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Star Wars Theory: A Dark Force Power May Explain Ahsoka's Most Mysterious Villain

Contains spoilers for "Ahsoka" Season 1, Episode 4 — "Part Four: Fallen Jedi"

Apparently, "Ahsoka" likes to have a set number of villains on retainer. Since Morgan Elsbeth's (Diana Lee Inosanto) plan to use the Eye of Sion in order to bring Grand Admiral Thrawn (Lars Mikkelsen) back into the Imperial mix has now reached hyperspace, the return of the Chiss chess master will likely happen sooner rather than later. With Morgan, Baylan Skoll (Ray Stevenson), Shin Hati (Ivanna Sakhno), and former Inquisitor Marrok (Paul Darnell) still firmly in the mix, this means that the show runs the risk of having an overwhelming surplus of antagonists ... at least, right up until Ahsoka Tano (Rosario Dawson) faces Marrok in a forest lightsaber duel.

Having already clashed with Ahsoka on Corellia, Marrok enters the fight with confidence that reveals his unfamiliarity with Ahsoka's animated-era history with double-bladed lightsaber wielders. The Jedi outcast has a track record of defeating opponents who wield double-bladed lightsabers and spinning Inquisitorius versions of said weapon with cheat code-level ease, and when Marrok tries to come at her with the spin function, he finds this out the hard way.

Marrok's demise could be the most absurdly overpowered duel victory Ahsoka has had yet. When the former Inquisitor attacks her with his spinning weapon, she cuts him down with a single lightsaber strike. Surprisingly, this causes Marrok to explode into dusty smoke like he got his franchises mixed up and thought he was in "Avengers: Infinity War." 

It's a freaky moment that may or may not be explained in the back half of the show, but we already have a decent idea of what may have caused Marrok's dramatic green mist demise. He may have been an undead all along and was only walking around because of a creepy Nightsister spell called the Chant of Resurrection.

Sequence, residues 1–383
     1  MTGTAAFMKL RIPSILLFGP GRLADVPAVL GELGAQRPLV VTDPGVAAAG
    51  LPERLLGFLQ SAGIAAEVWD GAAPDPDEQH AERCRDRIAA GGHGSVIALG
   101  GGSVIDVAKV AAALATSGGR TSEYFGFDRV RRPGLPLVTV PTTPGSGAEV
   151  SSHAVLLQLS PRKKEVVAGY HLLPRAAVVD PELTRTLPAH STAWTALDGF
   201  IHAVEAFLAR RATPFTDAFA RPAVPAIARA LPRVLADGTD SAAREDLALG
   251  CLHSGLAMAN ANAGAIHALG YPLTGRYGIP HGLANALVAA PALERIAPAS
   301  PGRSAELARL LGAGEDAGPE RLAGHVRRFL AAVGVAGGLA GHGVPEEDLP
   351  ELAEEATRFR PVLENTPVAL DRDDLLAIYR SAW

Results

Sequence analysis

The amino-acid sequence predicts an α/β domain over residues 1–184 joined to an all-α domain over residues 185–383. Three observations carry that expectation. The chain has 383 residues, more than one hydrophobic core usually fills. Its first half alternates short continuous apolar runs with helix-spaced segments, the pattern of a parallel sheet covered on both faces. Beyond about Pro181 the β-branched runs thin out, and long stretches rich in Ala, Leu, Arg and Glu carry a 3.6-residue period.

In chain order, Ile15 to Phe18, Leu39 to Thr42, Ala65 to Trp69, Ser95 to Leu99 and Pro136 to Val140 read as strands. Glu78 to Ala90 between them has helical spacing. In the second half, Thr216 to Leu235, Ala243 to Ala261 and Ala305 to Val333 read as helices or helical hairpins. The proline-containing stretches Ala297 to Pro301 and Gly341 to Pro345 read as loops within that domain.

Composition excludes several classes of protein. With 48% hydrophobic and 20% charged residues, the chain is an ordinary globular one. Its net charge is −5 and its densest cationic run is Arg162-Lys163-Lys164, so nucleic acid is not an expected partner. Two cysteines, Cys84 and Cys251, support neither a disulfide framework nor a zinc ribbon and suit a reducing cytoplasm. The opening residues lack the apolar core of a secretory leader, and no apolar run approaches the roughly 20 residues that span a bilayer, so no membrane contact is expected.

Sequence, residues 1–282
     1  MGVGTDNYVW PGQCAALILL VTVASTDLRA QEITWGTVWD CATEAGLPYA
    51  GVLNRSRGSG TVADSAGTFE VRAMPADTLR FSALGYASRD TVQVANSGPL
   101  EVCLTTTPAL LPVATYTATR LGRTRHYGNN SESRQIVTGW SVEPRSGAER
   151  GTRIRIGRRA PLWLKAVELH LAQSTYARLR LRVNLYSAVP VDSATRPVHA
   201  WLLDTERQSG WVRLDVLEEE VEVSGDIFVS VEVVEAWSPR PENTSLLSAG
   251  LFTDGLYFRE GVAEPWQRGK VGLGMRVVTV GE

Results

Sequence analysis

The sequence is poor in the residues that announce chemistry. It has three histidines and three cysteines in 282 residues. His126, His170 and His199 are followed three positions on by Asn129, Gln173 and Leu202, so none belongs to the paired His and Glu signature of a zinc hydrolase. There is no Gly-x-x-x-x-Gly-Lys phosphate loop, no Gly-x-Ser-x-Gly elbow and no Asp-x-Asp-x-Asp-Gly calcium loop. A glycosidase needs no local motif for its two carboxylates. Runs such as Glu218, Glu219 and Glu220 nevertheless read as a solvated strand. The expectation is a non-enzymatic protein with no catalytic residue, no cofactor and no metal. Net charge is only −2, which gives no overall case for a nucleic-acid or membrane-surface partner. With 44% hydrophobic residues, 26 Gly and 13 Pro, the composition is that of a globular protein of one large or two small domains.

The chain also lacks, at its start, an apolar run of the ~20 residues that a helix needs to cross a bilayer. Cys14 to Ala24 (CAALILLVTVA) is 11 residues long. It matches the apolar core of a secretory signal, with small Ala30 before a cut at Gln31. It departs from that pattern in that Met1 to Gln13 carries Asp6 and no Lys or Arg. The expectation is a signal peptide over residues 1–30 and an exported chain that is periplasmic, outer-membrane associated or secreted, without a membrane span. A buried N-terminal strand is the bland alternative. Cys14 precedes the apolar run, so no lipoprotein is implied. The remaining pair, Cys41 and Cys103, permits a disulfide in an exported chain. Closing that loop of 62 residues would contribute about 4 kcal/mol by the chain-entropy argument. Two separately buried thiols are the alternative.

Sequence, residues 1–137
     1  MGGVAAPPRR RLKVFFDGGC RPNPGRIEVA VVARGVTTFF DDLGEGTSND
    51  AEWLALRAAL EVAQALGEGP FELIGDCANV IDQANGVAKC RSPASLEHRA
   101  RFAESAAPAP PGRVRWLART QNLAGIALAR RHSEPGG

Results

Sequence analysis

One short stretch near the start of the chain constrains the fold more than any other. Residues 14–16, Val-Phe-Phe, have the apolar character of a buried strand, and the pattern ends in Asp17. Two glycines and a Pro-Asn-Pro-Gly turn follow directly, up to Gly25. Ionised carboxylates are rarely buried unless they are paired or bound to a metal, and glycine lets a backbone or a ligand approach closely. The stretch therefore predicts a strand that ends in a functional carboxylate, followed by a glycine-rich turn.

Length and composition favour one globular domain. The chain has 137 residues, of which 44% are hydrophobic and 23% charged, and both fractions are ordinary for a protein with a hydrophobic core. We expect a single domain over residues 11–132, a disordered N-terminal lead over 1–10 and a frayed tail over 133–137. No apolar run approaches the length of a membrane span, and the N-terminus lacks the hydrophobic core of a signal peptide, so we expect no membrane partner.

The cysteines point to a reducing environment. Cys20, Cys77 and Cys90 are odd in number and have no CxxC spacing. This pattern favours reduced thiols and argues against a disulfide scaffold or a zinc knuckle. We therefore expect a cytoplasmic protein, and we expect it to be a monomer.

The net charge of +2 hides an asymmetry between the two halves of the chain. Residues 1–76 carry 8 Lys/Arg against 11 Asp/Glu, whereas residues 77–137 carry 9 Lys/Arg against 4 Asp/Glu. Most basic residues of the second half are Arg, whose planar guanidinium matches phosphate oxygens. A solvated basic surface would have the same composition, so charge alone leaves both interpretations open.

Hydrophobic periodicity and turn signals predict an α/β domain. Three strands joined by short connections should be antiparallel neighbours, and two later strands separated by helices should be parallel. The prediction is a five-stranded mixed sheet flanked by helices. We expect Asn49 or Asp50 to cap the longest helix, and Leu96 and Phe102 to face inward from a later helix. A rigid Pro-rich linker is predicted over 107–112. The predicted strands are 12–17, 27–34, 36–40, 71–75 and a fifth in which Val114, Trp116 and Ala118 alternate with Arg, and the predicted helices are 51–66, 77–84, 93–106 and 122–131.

Marrok might be a genuine Star Wars zombie, courtesy of Morgan Elsbeth

Morgan Elsbeth seems like your average Imperial miniboss type when she first appears in "The Mandalorian" Season 2, but the illusion doesn't last long. Not only does she have important information pertaining to Thrawn's possible location, but she's not afraid to grab a beskar spear and face Ahsoka in the kind of intense one-on-one duel most non-Sith Imperials would swiftly run away from. "Ahsoka" goes on to reveal that Morgan is a Nightsister of Dathomir — essentially a witch who can harness the Force as dark magic — and plans to rebuild the Empire with Thrawn as its ruler. 

The villain's Nightsister heritage could explain several unanswered questions about Marrok's place in the grand scheme of things. It seems clear that Morgan is pretty strong as Nightsisters go and could very well be powerful enough to use their high-end spells like the Chant of Resurrection. The spell effectively reanimates the dead into zombie-like figures and manifests as — you guessed it — eerie green mist. 

Apart from explaining Marrok's comparative silence and the whole green smoke thing, the possibility that he's undead would also explain why a guy who used to be an Imperial Inquisitor is further down the pecking order than Baylan's apprentice, Shin. Who would take orders from a magically created zombie, no matter how cool his helmet is and how impressive his villain credentials are? 

Marrok was doomed regardless of the outcome of his duel with Ahsoka

If Morgan indeed animated Marrok with the Chant of Resurrection, it's worth noting that the Inquisitor could potentially be in trouble even if he managed to beat Ahsoka in the duel — at least, assuming that he wouldn't have made it to the Eye of Sion before it entered hyperspace. 

Unlike your average zombie, the "Star Wars" variety has a very concrete expiration date that depends on the Nightsister who performs the reanimation spell. Should Morgan die or simply stop maintaining the spell, the undead Marrok would fall instantly. Morgan obviously survives the episode, but should Marrok have managed to beat Ahsoka but stayed behind when Morgan departs the galaxy far, far away, this might not be great news for the masked Inquisitor's longevity. 

Sure, we've seen Marrok and Morgan operate on different planets, so if the Chant of Resurrection is behind Marrok's condition, it clearly has an impressive range. Still, it is still tied to the person who cast the spell, and Morgan leaving the entire galaxy far, far away behind in her search for Thrawn would probably push the chant's limits pretty hard. Even if it didn't, existence as a mist-powered Force zombie doesn't really sound like a sweet gig, so let's face it — "Ahsoka" Episode 4 may have given Marrok the best ending the character could hope for.